EqualLogic buy boosts Dell role in region

$1.4b cash deal for data storage firm is record for a start-up

Email|Print| Text size + By Robert Weisman
Globe Staff / November 6, 2007

Computer giant Dell Inc. has agreed to buy a Nashua data storage company that's become a leader in the red-hot field of "virtualization" for $1.4 billion in cash, the largest cash acquisition in history of a start-up fueled by venture capital.

The deal for EqualLogic Inc., disclosed yesterday, also marks the biggest purchase ever for Dell, a company that's historically shied away from acquisitions. It comes less than four months after the computer maker, based in Round Rock, Texas, snapped up Silverback Technologies Inc. of Billerica, another data center software firm, for an undisclosed sum.

Six-year-old EqualLogic, started by a team of former Digital Equipment Corp. networking engineers, sells hardware and software that simplify data storage for corporate technology administrators, enabling them to access storage from multiple machines simultaneously.

The technology is part of a move to "virtualize" computing and storage, boosting the productivity of servers and storage gear, at a time when companies and organizations, from airlines and banks to state and federal agencies, are generating and storing record volumes of data.

Shares of Dell fell 8 cents, or 0.27 percent, to $29.97 on the Nasdaq exchange yesterday as financial markets continued to retreat.

Dell, which has long marketed cobranded storage equipment with EMC Corp. of Hopkinton, has had little more than a sales force in New England until recently. With the EqualLogic and Silverback deals, the computer maker now is establishing a foothold in the region.

Michael Dell, chairman and chief executive, said his company will incorporate EqualLogic's technology into Dell's own PowerVault storage line but also will retain the EqualLogic brand and continue to market it through its own channel.

Dell said his company would maintain the EqualLogic operation in Nashua, which employs about 225 workers, and would invest in it in the future.

"The operation is expanding and will continue to expand," Dell said. "We would certainly hope to expand the resources of EqualLogic and be a bigger part of the community" in New England technology.

EqualLogic, which has taken in $52 million in venture capital since it was founded in 2001, registered in August for an initial public offering that was expected to raise $125 million, according to a statement filed with the Securities and Exchange Commission. But with the agreement to be purchased by Dell, the company will be withdrawing its IPO plan.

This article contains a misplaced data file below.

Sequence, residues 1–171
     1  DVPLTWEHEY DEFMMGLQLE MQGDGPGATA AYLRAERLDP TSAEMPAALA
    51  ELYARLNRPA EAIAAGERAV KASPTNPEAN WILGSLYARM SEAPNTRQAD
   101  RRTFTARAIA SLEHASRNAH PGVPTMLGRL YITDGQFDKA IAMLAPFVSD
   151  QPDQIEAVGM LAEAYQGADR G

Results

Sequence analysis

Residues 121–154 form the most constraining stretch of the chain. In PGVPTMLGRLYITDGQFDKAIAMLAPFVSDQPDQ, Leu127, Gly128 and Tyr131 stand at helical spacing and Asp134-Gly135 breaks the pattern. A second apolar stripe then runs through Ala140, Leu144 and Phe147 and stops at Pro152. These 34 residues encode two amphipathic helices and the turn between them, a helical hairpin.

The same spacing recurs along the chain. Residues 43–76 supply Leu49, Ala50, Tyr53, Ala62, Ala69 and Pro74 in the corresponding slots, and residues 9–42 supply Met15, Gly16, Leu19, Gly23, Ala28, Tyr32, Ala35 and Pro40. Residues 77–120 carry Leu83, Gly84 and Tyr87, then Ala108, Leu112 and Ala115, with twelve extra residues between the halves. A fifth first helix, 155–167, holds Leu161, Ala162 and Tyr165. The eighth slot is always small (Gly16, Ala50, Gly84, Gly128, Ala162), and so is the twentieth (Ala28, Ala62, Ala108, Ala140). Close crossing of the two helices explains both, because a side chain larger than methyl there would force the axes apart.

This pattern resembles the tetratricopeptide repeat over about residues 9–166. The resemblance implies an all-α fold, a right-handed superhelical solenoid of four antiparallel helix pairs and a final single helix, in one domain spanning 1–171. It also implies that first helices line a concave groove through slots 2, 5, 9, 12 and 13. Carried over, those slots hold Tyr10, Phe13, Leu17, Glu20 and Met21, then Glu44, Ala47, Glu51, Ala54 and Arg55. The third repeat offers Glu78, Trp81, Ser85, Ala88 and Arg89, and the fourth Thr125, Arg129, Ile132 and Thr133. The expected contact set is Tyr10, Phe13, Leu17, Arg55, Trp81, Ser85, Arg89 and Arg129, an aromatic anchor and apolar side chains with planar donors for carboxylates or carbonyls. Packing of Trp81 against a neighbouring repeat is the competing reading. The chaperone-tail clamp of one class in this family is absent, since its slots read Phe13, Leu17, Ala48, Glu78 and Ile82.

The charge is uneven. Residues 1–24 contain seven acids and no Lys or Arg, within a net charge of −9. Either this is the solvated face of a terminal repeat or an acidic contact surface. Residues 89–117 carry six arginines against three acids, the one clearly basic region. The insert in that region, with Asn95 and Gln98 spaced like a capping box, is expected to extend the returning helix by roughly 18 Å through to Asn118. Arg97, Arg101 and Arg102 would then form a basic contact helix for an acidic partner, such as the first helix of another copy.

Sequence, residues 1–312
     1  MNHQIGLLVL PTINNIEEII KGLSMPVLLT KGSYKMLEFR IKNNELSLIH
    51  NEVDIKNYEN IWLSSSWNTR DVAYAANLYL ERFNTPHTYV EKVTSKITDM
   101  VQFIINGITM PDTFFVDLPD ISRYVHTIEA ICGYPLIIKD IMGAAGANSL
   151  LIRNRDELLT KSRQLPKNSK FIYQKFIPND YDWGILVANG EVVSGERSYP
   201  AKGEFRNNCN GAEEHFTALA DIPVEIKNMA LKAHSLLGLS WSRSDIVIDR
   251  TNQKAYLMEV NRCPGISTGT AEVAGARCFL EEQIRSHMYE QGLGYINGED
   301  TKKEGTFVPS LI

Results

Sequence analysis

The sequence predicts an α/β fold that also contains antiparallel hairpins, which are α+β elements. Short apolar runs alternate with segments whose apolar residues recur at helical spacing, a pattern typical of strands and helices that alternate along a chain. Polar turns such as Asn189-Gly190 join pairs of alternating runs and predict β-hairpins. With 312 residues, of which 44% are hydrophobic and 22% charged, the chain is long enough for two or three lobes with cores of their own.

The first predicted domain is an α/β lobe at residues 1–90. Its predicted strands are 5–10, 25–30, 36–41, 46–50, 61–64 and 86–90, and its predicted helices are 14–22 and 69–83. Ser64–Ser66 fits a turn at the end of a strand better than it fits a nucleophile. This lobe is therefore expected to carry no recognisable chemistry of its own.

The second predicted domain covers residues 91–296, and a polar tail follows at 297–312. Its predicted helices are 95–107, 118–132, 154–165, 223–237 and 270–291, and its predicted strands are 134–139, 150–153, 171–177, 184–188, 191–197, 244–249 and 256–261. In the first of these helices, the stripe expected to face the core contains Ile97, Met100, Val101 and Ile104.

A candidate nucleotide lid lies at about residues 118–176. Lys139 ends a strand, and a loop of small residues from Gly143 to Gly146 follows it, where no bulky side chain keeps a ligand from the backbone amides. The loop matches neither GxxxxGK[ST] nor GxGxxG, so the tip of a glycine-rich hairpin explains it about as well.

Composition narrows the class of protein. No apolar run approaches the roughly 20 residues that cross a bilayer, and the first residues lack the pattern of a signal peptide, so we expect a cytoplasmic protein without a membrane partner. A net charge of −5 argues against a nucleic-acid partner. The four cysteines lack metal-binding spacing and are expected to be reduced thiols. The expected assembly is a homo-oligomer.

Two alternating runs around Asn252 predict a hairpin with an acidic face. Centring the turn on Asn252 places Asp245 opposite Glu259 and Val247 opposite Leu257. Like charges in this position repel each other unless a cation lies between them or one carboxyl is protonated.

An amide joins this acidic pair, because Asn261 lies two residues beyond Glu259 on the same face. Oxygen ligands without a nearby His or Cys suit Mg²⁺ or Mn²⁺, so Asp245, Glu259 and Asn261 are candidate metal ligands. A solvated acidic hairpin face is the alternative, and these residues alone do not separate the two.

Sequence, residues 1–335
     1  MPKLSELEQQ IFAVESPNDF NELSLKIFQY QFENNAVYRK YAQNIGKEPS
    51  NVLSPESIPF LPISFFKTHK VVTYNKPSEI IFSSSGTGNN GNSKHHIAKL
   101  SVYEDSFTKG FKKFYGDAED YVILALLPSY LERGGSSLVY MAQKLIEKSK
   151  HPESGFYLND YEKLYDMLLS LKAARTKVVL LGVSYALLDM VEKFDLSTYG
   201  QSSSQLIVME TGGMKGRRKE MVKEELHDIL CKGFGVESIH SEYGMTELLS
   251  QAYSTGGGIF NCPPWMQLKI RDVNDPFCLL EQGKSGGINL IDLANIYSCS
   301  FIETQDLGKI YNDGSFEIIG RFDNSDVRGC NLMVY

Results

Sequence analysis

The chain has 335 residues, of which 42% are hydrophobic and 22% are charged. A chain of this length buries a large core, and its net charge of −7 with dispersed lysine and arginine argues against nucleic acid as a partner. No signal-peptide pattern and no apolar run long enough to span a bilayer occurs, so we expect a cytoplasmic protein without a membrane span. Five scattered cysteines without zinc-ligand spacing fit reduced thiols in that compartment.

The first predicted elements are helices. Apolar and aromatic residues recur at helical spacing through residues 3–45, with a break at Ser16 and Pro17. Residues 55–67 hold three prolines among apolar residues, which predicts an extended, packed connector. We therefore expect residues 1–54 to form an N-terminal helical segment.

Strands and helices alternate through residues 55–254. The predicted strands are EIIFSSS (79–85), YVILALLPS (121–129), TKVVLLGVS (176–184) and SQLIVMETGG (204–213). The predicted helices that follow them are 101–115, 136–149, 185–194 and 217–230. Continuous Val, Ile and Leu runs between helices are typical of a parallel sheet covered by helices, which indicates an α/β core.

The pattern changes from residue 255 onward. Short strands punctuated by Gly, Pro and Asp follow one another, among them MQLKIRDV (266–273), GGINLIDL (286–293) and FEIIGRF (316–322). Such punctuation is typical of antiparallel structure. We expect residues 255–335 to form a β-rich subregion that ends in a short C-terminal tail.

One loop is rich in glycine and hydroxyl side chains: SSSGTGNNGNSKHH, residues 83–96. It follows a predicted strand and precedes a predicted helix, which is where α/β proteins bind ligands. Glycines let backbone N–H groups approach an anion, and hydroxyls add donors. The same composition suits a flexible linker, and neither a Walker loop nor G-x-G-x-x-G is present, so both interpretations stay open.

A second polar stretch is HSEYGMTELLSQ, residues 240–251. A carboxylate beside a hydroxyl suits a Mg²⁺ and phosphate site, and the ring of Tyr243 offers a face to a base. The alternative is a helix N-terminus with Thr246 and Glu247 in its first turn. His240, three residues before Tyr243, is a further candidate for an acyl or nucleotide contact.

"We view this opportunity to become part of Dell as rocket fuel to achieve our vision," said Don Bulens, EqualLogic's president and chief executive. "This will accelerate our business everywhere."

Foreign sales represent just 15 percent of EqualLogic's revenue, for example, while Dell derives more than 40 percent of its revenue from overseas.

"Part of the appeal of a partnership with Dell is to broaden the global reach of EqualLogic," said Christopher Baldwin, general partner of Charles River Ventures, the Waltham venture capital firm that was an original backer of the New Hampshire company.

Under the deal, Bulens will stay at EqualLogic, which employs 384 people worldwide, reporting to Dell's business systems group.

Michael Dell said the deal would benefit his company's alliance with EMC, which owns a majority stake in VMware Inc., a company that makes a complementary virtualization software enabling computer servers to run multiple operations simultaneously.

The purchase of EqualLogic - which the National Venture Capital Association confirmed was the largest cash deal for a venture-backed start-up - is unusual in a number of ways. Dell has agreed to pay cash for the acquisition, and the dozen purchases of venture-backed companies that were larger than this deal all involved stock or a combination of stock and cash, according to NCVA data. And it marks the embrace by Dell, a company that's championed a direct-to-consumer sales model, of a technology that's been marketed successfully through a sales channel.

That sales channel could give Dell access to small and medium-size businesses, a critical market that has been difficult to penetrate, said Steve Duplessie, founder and senior analyst for Enterprise Strategy Group, a research firm in Milford.

"Dell has traditionally always been a supply chain, operationally brilliant company, but not a technology company," Duplessie said. "EqualLogic had some very interesting technology, and Dell thinks it can be turned into a multibillion-dollar standalone business."

Robert Weisman can be reached at

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